Curt Bemson via AP
Smoke and fire erupt from an oil train that derailed on Wednesday, May 6, 2015 in Heimdal, North Dakota. Oil train rail transport is growing, and the number of accidents with it.

Bakken-Crude-Hauling Oil Train Explodes in North Dakota, Town Evacuated


At least 10 cars of yet another oil train are aflame, this time in North Dakota, after a derailment that caused the evacuation of a small town.

Of the 109 cars on the Burlington Northern Santa Fe (BNSF) Railway train, 107 were carrying Bakken crude, the Associated Press reported. Two were buffer cars loaded with sand that rode between the tankers and the engine. It was one of at least two dozen such accidents and fires in the U.S. and Canada since 2006, the AP said, citing federal records it had reviewed. This was the fifth derailment in 2015, AP said. The practice of transporting crude from the Bakken oil fields, whose bitumen is more volatile than normal crude, by train has been growing drastically, as have the number of accidents. The two to three dozen residents of the town of Heimdal, about 115 miles northeast of Bismarck, was evacuated.

Quinault Indian Nation President Fawn Sharp has been outspoken about the danger of oil trains and taken a stand against this type of transport, and the tribe wasted no time highlighting the dangers anew.

“This was just the latest in a series of oil train derailments that have resulted in crashes, followed by explosions, mountains of thick, black, toxic smoke and inevitable spills of poisonous oil that at some point make their always way into water systems, streams, rivers or marine waters,” Sharp said in a statement on May 6. “Let there be no doubt. These trains are dangerous, and we are seeing more and more of them on our tracks all the time.”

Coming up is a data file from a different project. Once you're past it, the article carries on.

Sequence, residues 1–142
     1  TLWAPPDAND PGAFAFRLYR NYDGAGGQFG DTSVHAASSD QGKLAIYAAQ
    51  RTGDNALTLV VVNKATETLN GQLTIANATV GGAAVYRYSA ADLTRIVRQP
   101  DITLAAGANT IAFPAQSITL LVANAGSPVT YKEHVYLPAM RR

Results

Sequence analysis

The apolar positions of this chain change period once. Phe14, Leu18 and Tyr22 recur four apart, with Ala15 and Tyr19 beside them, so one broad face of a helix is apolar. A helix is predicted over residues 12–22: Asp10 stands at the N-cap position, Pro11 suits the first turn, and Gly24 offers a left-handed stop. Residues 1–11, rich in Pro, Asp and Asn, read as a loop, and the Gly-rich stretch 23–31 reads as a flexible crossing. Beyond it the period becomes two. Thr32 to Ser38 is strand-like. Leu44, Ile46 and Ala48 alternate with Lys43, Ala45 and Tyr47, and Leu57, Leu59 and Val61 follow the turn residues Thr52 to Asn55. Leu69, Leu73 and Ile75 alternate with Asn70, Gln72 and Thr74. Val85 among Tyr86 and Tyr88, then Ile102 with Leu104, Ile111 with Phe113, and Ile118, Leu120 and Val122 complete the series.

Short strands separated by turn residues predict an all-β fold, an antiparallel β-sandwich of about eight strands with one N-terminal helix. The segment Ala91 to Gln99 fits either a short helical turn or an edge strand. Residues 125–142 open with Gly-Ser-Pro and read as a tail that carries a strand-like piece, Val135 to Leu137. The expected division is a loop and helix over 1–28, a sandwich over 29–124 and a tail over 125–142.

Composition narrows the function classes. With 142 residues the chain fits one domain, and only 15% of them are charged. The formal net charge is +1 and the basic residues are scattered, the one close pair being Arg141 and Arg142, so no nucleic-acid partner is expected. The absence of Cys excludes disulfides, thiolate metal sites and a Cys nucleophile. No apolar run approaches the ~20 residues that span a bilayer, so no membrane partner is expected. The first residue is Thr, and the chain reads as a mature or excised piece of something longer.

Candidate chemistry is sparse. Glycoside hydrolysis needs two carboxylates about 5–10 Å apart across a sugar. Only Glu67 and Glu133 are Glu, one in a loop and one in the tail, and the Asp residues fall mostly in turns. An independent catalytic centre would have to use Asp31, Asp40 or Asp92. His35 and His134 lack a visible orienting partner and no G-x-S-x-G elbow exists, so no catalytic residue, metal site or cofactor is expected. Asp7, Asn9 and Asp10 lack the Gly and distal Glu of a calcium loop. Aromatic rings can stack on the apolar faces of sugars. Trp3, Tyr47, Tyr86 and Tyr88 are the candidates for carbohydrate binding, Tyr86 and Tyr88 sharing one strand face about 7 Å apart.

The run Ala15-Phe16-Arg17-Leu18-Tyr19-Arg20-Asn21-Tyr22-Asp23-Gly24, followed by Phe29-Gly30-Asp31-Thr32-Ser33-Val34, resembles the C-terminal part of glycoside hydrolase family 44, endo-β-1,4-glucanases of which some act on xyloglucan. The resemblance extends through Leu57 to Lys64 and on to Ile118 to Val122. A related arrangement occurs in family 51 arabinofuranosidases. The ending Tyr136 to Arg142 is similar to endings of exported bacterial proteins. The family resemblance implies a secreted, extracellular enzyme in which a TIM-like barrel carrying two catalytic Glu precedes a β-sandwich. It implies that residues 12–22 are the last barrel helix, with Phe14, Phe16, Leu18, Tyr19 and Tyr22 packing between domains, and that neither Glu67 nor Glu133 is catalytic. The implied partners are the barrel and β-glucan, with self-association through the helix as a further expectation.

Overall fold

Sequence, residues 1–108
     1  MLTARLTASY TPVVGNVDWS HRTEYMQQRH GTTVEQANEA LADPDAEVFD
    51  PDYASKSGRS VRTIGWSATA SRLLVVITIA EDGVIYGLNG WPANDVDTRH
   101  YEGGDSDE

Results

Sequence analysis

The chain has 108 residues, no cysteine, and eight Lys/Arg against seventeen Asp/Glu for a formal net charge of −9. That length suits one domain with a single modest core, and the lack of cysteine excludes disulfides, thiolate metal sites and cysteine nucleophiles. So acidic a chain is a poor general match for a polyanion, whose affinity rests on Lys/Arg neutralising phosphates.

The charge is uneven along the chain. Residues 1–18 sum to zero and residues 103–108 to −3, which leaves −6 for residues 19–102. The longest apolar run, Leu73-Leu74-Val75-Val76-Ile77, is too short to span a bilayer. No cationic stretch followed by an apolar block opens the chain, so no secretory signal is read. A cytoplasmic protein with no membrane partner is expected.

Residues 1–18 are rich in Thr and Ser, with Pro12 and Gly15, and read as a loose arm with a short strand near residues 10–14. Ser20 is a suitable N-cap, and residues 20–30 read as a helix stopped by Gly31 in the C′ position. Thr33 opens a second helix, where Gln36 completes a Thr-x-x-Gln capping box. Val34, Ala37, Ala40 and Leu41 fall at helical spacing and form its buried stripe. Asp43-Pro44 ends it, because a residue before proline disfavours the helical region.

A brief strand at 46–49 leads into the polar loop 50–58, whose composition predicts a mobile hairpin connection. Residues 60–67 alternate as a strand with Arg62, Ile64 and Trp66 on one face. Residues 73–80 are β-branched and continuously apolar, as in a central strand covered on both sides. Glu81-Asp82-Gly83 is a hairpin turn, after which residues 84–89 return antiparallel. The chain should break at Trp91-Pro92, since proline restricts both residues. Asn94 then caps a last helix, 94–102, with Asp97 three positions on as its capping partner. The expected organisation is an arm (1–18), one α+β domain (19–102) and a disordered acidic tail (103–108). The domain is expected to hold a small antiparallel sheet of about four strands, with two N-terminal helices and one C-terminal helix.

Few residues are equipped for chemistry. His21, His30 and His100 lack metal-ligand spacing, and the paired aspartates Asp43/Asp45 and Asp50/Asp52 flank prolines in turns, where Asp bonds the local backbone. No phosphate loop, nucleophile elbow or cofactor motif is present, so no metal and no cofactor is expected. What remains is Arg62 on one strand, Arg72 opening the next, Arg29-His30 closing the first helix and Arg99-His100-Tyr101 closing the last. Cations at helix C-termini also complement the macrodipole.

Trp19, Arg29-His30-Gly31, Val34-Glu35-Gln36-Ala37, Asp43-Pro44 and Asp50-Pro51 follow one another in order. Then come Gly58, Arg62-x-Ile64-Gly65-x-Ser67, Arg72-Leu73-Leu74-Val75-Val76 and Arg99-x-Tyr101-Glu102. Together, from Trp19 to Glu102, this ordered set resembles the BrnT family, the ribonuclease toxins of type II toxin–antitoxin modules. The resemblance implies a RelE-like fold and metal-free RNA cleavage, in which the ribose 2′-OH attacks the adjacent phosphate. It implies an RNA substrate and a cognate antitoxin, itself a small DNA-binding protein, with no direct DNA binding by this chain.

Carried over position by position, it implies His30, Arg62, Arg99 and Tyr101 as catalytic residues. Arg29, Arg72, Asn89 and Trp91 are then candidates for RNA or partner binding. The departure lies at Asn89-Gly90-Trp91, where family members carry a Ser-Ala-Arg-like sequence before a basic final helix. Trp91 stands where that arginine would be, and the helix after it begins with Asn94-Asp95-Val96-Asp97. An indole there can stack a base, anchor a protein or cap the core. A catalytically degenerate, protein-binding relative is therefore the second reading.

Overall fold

RELATED: Quinault Speak Out Against Oil Trains as Rail Cars Smolder in West Virginia

The Swinomish, too, have come out against oil trains, filing suit recently against BNSF for overstepping the regulations about transporting crude by rail across the tribe's reservation.

RELATED: Swinomish Tribe Files Lawsuit to Stop Bakken Crude Oil Trains

The AP said it was not clear whether the crude on this train had been treated to make it less volatile.

RELATED: Feds Call Bakken Crude Volatile as Quinault Warn Against Oil Rail Transport

The wreck comes about a week after transportation authorities in the U.S. and Canada issued new regulations requiring that new tank cars transporting volatile liquids such as Bakken crude and ethanol must be tougher and reinforced so as to avoid rupturing, the Lincoln, Nebraska Journal Star reported on May 1. But buried in the new rules announced by the U.S. Department of Transportation, according to the Journal Star, was a clause exempting companies from publicly disclosing the contents of the cars.

“The department will end its requirement, put in place a year ago, that required railroads to share information about large volumes of Bakken crude oil with state emergency response officials, who make them available to local safety officials where the trains pass,” the Journal Star said.